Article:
A long-sought immigration system that will provide Japanese working families, and working women in particular, with much-needed help and create a more multiethnic Japan, or an ill-considered political sop to female voters that will lead to discrimination and human rights abuses?
That's the question being asked in Osaka and elsewhere as the prefecture begins discussions with the central government on setting itself up as a specially designated zone to accept foreign domestic laborers.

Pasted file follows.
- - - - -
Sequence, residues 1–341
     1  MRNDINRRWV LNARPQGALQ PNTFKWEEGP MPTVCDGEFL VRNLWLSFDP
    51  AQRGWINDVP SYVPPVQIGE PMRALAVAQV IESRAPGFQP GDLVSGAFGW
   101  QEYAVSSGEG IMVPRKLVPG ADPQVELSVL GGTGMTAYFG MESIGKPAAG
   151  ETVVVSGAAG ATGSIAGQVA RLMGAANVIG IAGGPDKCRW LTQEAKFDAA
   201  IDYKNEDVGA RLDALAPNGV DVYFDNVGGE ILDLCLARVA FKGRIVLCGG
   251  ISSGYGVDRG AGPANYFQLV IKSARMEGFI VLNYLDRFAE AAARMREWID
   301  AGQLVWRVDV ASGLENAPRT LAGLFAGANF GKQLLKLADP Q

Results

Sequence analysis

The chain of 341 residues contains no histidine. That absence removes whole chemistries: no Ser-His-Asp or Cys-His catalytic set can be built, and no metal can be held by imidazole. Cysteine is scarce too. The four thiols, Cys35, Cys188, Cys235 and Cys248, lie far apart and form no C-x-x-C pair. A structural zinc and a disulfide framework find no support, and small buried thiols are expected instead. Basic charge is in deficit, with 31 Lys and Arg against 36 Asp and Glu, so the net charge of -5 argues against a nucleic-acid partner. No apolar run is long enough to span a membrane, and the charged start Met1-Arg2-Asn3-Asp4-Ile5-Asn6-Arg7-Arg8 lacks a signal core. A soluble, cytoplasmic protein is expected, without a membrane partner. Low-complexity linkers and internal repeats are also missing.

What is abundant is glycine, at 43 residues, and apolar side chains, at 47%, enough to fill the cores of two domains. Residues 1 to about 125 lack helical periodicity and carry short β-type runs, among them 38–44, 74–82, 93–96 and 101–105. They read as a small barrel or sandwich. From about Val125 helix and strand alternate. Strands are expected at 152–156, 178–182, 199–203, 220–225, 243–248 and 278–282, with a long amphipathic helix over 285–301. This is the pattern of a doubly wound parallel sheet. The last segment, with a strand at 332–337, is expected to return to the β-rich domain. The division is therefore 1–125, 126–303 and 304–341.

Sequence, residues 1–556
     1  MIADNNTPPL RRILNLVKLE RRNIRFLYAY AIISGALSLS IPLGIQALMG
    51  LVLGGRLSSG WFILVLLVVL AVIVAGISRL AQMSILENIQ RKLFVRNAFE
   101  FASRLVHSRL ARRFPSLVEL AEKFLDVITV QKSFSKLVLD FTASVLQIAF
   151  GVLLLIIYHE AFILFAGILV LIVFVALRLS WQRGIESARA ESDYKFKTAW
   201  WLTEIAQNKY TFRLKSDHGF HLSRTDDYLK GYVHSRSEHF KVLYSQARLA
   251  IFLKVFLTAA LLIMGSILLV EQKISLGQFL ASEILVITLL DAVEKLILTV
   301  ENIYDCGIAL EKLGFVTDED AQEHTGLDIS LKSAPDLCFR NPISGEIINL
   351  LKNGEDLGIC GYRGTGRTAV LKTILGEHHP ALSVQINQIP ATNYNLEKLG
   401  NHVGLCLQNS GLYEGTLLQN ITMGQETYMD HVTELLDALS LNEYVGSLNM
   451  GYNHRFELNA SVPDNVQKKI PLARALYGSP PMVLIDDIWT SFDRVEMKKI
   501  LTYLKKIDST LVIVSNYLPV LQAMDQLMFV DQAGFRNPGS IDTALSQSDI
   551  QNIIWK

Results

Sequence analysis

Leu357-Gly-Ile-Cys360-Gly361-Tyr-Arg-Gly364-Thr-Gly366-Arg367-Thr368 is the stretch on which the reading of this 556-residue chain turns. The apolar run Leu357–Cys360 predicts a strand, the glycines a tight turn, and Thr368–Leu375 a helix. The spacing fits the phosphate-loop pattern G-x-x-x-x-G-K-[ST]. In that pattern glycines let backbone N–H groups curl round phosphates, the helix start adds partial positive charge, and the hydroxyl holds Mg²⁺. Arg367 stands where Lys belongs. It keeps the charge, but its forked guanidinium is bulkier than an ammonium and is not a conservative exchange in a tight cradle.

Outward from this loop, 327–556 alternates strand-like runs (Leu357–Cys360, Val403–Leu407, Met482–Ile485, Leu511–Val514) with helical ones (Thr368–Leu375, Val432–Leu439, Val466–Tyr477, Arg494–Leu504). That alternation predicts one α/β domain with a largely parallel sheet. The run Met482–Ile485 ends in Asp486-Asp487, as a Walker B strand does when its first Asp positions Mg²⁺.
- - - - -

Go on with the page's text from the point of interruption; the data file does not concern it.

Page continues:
In June, the Kansai national special zone committee met for the first time in Osaka to discuss the plan, which was announced by Prime Minister Shinzo Abe the same month, to make Kyoto, Hyogo and Osaka prefectures one of six new zones where bureaucratic regulations for industry will be relaxed in the hope of nurturing new industries and creating jobs — for both women and men. On hand for the meeting were Yoshitaka Shindo, state minister in charge of decentralization, Osaka Gov. Ichiro Matsui and Hyogo Gov. Toshizo Ido, as well as senior Kansai business leaders.